Public transport

The public transport in Barcelona is very good. There is a reliable metro system, that is quick, modern, clean, and pretty good value for money. You can reach most of Barcelona’s top tourist attractions by metro, so it is our number one option for getting around the city.

You can also use your metro ticket on TMB (Transport Metropolitan Barcelona) buses and trams. Plus if you take the metro and the bus or tram within the same journey this only counts as ‘one trip’ and you are only charged for that. So if you got a 10 journey ticket, called a T-Casual, they would only charge you one trip!

All of the Gaudi attractions, including the Sagradas Familia, Casa Batllo, and Casa Mila, are just meters away from the nearest metro station.

The metro runs very regularly, every couple of minutes on most lines, and it is open until late; midnight during the week, 2 am on a Friday, and all night on Saturdays.

Buses are also very regular, and stop at pretty much all the top tourist attractions in Barcelona. When the regular buses stop running for the day, they are replaced by a night bus service.

Special Offers

If you plan on taking full advantage of public transport, we recommend that you consider one of the transport cards aimed at tourists visiting the city. There a two main options. The first is Hola BCN Transport Saver; this card is designed for concentrated use of transport within a fixed time scale. So you get unlimited trips on the metro, bus, or tram with various options starting from 48 hours.

If museums and galleries are high on your list of what to do in Barcelona then maybe the Barcelona Card is a better option. As well as free travel on public transport the card also includes access to over 25 museums and attractions. Options to book both these tickets can be found here.

On foot

Barcelona is a great city to explore on foot. If you have time and want to take in all the sights around you, there are areas of the city that are perfect for a leisurely stroll. The Gothic Quarter, known as the Barrio Gotico is perfect for a wander around. Each winding street leads to a different gem. You will find on your travels medieval churches, curiosity shops, and even Roman ruins.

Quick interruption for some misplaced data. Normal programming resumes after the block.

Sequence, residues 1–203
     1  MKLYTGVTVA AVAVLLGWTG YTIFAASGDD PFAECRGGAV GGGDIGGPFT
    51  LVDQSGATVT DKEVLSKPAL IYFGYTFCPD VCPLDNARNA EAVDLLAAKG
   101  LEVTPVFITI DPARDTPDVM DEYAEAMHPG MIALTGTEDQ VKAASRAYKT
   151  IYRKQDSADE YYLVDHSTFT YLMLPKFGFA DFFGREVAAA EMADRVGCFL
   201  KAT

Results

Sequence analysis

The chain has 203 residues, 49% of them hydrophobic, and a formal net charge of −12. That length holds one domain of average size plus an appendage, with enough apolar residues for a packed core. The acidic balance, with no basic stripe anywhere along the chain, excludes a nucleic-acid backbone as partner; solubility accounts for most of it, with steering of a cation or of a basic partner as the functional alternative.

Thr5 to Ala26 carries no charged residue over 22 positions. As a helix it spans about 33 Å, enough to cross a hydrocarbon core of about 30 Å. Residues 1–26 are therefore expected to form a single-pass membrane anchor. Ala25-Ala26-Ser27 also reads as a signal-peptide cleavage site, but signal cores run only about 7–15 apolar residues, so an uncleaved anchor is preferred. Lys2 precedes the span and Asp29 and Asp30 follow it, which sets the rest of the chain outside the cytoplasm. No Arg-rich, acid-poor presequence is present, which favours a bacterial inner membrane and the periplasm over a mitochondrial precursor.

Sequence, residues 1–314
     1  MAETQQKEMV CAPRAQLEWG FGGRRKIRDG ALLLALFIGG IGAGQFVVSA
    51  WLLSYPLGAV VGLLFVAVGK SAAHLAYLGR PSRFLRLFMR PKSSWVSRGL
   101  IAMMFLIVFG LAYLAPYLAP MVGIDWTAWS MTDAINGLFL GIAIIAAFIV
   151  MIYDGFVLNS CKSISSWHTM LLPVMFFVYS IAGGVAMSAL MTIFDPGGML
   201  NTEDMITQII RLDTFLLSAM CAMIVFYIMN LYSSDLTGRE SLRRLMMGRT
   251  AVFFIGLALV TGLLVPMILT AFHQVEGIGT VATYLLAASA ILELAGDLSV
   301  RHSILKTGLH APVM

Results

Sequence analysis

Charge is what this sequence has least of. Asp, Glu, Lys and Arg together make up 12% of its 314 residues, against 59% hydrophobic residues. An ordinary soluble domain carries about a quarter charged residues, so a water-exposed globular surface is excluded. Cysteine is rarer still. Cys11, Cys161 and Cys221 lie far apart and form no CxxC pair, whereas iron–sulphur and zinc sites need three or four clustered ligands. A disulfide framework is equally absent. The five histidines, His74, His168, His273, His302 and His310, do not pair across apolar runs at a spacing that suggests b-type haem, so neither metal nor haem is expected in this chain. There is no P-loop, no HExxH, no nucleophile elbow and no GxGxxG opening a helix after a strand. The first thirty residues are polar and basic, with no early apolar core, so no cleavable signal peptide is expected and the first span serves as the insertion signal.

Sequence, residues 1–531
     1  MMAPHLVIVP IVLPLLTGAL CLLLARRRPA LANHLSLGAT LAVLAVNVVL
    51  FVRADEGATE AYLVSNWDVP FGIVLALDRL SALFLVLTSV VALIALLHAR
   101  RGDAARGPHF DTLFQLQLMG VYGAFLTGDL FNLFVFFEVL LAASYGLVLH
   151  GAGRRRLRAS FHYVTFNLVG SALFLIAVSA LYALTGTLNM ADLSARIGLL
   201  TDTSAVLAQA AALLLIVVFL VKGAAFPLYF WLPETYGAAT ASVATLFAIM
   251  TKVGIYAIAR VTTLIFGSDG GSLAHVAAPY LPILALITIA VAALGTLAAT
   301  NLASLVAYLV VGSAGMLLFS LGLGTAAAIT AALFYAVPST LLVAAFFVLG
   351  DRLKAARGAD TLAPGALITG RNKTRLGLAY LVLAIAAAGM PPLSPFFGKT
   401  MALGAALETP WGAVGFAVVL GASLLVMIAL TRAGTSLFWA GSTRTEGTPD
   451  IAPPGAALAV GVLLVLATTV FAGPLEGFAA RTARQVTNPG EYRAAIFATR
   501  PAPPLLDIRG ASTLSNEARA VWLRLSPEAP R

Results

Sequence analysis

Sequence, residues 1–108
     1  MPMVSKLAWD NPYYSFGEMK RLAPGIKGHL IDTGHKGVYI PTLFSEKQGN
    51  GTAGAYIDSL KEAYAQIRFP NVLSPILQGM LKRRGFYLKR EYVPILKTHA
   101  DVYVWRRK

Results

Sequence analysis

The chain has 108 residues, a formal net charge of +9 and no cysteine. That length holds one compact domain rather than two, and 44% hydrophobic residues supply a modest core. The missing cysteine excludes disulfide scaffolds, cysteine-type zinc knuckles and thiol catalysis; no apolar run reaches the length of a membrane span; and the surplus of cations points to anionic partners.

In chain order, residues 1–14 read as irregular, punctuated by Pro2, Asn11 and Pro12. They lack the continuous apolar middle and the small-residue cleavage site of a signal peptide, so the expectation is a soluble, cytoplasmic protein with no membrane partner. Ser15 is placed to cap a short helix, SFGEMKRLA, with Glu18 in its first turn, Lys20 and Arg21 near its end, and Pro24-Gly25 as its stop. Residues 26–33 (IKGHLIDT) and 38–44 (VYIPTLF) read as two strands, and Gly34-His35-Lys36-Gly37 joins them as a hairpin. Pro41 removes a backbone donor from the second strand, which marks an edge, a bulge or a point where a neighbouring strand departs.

The Ramblas is also an area to discover on foot. To experience ‘Las Ramblas’ in all its glory we suggest you start at the port and walk up the Ramblas until you reach Plaza Catalunya. From here, walk up Passeig de Gracia to reach some of the spectacular modernist buildings.

Group and Private Transport

Private transport can also easily be arranged. Maybe you would like a smooth transfer from the airport to your hotel, or a private driver to take you around the city. Get in touch to talk about the options.

If you are organising a group event or travel to Barcelona, then moving larger numbers of people around the city can get complicated.

Take the stress away from the logistics of your trip, by getting Barcelona Tours to do this for you. There are various options to choose from, take a look at our transfers for groups here.

Barcelona has so much to offer tourists, so where should you start? Where are the best places to visit in Barcelona? We suggest that no visit would be complete without checking out the modernist treasures left to the city by Anthony Gaudi. His work is so iconic that not only has it shaped the skyline of the city, but his vanguard modernist flair influenced much of the architecture in Barcelona.

The diversity of his work and the stories that surround it have a lot of curb appeal. Even those who are normally more interested in the beach than culture, still want to know a little about the Sagrada Familia.

So we will start our Best Places to Visit Barcelona, Top 5 Gaudi Attractions with the mighty church that dominates the skyline of Barcelona.

Sagrada Familia

The most famous of Barcelona’s tourist attractions is the Sagrada Familia. Also known as the ‘unfinished church’, the story around the construction of the church is as fascinating as the building itself. The church was the brainchild of the famous architect Anthony Gaudi. It was his last project before he died, and where he applied everything he had learned from previous projects, plus all of his distinctive artistic flair.

The first stone of the Sagrada Familia was laid in 1883! The planned completion date of the church is 2026, which would mark 100 years since the untimely death of Gaudi. After his death, faithful collaborators carried on working from the plans and visions he left to keep the project alive.